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        `___`         embeddable
        (O,O)             and
        \)  )          purely
      ---"-"---     functional!
   O t u s L i s p

 /Based on Aki Helin's Owl-Lisp/

Travis-CI project page Visit the project page Github build ol status

Otus Lisp, Version 2.2

Otus Lisp (Ol in short) is a purely functional dialect of Lisp.

It implements an extended subset of the R7RS Scheme, including but not limited to some SRFIs. It is tiny (< 64KB), embeddable and cross-platform. Provides a portable, high-level interface to call code written in another language.

You can use Ol on Linux, Windows, macOS, Android, BSD (and its descendants), webOS, Solaris and other operating systems based on various hardware architectures (intel, arm, ppc, mips, etc).

Also Ol is ported to the Web and can be used in Chrome, Firefox, Opera, Iceweasel, Epiphany, Luakit, SeaMonkey, Iceape, etc.

Source code available under tag "2.2" or at Releases page.


Otus Lisp is available under 2 licenses: MIT License and GNU (L)GPLv3 License.

Copyright (c) 2011-2014 Aki Helin
Copyright (c) 2014-2021 Yuriy Chumak


Join the online Join the chat at, additionally Freenode channel #otus-lisp is available.

Post bugs and issues at the issues page. If your architecture is not supported, post an issue too.


You can find Ol samples at:


You can use basic Ol functionality without any installation - just copy the ol (ol.exe for Windows) binary to any user-accessible path.

Basic functionality includes a rich set of features: lists, vectors and bytevectors, numbers math with unlimited accuracy, strings, associative arrays (named ff), i/o streams and files, lazy calculations, regular expressions, coroutines, etc.

Advanced functionality (i.e. OpenGL support) requires a complete installation of the Ol package:

  • You can use precompiled binaries and/or installation packages that can be found at the Releases announcement page.
  • or You can manually copy required libraries to your OL_HOME or current directory,

Some libraries can be installed using 'kiss' package manager. Usage instruction available at ol-packages repository.

Otus Lisp, Version 2.3 rc1

New Ol changes have been added to the Master branch:

  • the build command line has been changed. See the "BUILD" section.
  • fasl format updated:
    • fasl is fully 32/64 bit independent (32-bit machines can execute 64-bit fasl and vice versa),
    • numbers encoded as numbers, not as objects,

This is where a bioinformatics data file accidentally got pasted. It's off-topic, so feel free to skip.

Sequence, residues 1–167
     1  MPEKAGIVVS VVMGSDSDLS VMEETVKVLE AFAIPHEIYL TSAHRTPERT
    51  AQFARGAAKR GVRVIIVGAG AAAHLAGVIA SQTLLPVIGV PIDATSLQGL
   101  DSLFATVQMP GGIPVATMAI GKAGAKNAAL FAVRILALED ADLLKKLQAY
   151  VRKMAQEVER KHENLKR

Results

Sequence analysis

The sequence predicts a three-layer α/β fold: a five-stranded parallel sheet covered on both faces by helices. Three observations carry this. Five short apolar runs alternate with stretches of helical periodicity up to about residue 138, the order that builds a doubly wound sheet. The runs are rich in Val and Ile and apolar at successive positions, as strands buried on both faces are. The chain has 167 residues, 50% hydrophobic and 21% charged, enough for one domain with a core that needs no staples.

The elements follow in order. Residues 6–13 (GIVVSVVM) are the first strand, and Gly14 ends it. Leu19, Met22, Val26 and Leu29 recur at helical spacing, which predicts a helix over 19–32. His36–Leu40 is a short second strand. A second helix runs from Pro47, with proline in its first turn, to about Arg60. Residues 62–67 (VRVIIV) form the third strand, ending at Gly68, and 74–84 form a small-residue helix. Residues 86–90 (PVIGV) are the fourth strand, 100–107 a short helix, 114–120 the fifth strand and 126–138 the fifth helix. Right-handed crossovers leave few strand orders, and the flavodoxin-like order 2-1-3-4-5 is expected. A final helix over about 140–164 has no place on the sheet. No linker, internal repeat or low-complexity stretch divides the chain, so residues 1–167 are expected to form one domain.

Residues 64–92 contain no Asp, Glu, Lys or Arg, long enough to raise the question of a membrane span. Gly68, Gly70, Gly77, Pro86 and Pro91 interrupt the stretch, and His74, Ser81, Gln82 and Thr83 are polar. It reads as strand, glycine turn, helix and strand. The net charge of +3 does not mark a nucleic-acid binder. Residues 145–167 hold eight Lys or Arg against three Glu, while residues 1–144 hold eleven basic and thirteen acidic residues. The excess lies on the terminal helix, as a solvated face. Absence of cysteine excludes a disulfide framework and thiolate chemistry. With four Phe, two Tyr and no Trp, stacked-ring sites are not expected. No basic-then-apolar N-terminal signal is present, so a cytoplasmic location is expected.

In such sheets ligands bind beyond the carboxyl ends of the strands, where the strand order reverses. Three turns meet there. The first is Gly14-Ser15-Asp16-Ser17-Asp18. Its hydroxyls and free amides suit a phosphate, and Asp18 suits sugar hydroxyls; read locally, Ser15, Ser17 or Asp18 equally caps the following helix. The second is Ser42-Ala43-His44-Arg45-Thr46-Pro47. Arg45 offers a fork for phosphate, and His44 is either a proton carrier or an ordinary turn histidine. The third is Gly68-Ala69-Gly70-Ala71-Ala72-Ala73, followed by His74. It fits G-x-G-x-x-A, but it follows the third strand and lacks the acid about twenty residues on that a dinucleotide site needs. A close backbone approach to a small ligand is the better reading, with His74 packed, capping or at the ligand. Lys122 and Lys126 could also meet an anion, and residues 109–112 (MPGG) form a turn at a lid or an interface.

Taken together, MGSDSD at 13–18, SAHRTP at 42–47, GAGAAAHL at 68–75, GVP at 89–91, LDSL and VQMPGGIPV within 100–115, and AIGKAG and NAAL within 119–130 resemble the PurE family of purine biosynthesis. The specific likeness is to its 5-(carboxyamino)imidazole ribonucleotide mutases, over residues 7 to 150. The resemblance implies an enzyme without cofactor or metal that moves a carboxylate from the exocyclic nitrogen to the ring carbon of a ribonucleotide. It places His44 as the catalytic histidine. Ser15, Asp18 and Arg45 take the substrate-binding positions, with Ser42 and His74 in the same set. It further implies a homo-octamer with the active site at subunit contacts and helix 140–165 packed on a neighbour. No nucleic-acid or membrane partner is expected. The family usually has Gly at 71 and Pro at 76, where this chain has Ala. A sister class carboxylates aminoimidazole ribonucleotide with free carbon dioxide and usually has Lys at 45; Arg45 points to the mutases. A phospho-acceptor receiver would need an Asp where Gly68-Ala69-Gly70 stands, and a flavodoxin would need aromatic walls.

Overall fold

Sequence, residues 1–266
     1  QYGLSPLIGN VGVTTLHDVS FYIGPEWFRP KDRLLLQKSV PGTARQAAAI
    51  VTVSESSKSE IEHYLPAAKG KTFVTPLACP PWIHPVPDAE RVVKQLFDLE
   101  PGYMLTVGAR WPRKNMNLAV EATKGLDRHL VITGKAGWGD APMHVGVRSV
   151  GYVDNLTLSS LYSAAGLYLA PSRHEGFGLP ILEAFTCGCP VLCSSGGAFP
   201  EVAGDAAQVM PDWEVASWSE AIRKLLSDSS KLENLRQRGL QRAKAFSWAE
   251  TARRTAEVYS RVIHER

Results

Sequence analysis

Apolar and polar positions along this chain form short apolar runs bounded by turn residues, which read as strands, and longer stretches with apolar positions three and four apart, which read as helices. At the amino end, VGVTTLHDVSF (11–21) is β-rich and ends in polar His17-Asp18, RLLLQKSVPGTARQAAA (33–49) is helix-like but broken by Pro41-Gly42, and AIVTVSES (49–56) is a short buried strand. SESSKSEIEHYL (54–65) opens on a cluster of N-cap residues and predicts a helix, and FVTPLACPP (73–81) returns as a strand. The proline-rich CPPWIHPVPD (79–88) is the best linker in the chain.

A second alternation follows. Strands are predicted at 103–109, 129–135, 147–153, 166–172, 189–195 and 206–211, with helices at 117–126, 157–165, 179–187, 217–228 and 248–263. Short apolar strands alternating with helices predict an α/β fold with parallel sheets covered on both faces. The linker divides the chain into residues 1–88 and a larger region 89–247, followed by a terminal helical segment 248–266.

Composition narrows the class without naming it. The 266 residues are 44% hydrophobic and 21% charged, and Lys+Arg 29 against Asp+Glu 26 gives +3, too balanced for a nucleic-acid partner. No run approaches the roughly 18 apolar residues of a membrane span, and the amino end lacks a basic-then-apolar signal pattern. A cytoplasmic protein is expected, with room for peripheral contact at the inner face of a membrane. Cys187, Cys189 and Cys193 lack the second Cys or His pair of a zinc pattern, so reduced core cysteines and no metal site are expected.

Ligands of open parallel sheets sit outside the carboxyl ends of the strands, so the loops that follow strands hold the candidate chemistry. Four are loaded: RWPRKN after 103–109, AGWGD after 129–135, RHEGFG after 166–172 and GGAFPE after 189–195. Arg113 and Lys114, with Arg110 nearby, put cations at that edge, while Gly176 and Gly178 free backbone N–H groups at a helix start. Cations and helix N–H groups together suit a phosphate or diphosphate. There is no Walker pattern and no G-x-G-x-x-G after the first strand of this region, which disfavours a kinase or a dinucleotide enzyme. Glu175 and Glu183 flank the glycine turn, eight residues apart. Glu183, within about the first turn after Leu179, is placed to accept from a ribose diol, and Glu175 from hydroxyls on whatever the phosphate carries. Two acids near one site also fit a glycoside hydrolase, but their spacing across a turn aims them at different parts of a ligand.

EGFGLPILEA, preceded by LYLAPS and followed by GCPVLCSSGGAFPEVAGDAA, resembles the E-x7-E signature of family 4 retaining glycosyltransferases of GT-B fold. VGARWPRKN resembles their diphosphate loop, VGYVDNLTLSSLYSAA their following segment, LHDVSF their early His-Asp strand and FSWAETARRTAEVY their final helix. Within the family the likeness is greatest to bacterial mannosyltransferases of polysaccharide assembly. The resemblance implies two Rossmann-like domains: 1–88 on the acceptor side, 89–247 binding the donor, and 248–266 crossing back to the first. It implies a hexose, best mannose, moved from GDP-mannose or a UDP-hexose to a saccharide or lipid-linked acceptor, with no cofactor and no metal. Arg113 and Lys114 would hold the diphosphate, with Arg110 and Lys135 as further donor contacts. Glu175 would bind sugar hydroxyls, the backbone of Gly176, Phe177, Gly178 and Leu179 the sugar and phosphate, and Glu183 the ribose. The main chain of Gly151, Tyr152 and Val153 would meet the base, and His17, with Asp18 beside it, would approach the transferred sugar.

• big endian numbers order changed to little-endian
    • introduced a new object type 63 - "constructor", constructors are automatically executed by olvm during fasl loading process
      • if no constructors are found, the vanilla behavior will be used
      • note: for example the library (owl math) contains a constructor (math-constructor) that recalculates a NaN value which is different under different fpu architectures.


  • 2.1. Identifiers
    • |\t\t| and |\x9;\x9;| are different in Ol, but the same in Scheme.
    • Ol is definitely case sensitive, but Sheme is configurable with #!fold-case and #!no-fold-case.
  • 4.1.5. Conditionals
    • Ol provides extended if in forms (if <condition> <then-clause> else <else1-clause>..<elseN-clause>) and (if <condition> then <then1-clause> <then2-clause> else <else1-clause>..<elseN-clause>), while Scheme is not.
  • 4.1.6. Assignments
    • No set! in Ol.
      • note: Ol is purely functional language.
  • 4.1.7. Inclusion
    • No include and include-ci in Ol.
      • note: Use ",load" instead.
  • 4.2.1. Conditionals
    • Result of the when expression is value returned by the last expression in Ol, but unspecified in Scheme.
    • Result of the unless expression is value returned by the last expression in Ol, but unspecified in Scheme.
  • 4.2.5. Delayed evaluation
    • No delay-force, promise? and make-promise in Ol.
      • note: But DELAY and FORCE exists, sure.
  • 4.2.7. Exception handling
    • No guard and raise in Ol.
  • 5.5. Record-type definitions
    • No define-record-type in Ol.
  • 6.1. Equivalence predicate eqv?
    • (eqv? +nan.0 +nan.0) is #true in Ol, but unspecified in Scheme. The same for +inf.0 and -inf.0.
  • 6.2.5. Syntax of numerical constants
    • NUMBERS WITHOUT PRECISION considered to be exact in Ol, but inexact in Scheme.
      • explanation: Inexactness can be disabled by compiler features or/and unsupported by platform. But we should expect the same behavior of the program independently of inexactness support (unless we use inexact numbers, sure).
  • 6.2.6. Numerical operations
    • Just Note: complex? is the same as number?, like in Scheme.
    • integer? for inexact numbers always returns #false in Ol, but can be #true in Scheme when (= number (round number)).
      • explanation: Inexactness is an inexactness - we may lose the fractional part and not to be noticed about. So let's be a little paranoid.
    • sqrt is included in base library profile while not included in Scheme
      • explanation: due to frequent use.
  • 6.4. Pairs and lists
    • memq and assq behavior with 'short' numbers (aka 'enumerations') as first argument is fully specified in Ol, but unspecified in Scheme.
      • note: those numbers processed by memq and assq as usual elements.
  • 6.6. Characters
    • CHARACTERS in Ol is a small numbers (aka 'enumerations'), but a characters in Scheme.
      • explanation: This is for a historical reason. Ol supports two types of numbers - 'small' numbers and 'long' numbers. 'Small' numbers are used as 'glyphs' (or 'runes' in other word) inside strings for better Unicode support. An additional 'character' type with requirements to use the char->integer and integer->char functions every time is too boring and slow. Thanks.
      • note: Ol supports full Unicode 12.1.0 (2020 Jun 13) character set.
      • note: If you want to print a character in the form of a letter (or a digit, etc.), use a function 'string', i.e. instead of (print #\λ) use (print (string #\λ)), otherwise you will get a number 955.
  • 6.8. Vectors
    • NEGATIVE indices of a vector is valid in Ol, but invalid in Scheme.
      • note: Negative indices of a vector can be used to access to the n-th element from the end of a vector. I mean "-1" is the last vector element, "-2" - before the last element, "-N" - N-th element from the end of a vector.
  • 6.11. Exceptions
    • No exceptions handling in Ol.
      • note: Yet.
  • Ol has builtin regular expressions while Scheme not.
    • note: you can use m/<pattern>/, s/<expression>/<new-expression>/ (with optional 'g' suffix) and c/<pattern>/ as functions to match, change and split the string.


Note: Since version 2.2.1, the build command line has been changed. The variable NAKED_VM is no longer supported. Instead, a new REPL build variable is provided.


You should have GCC 3.2+ (with gcc-multilib) or CLANG 3.5+ installed.

MacOS users should have xcode-tools installed.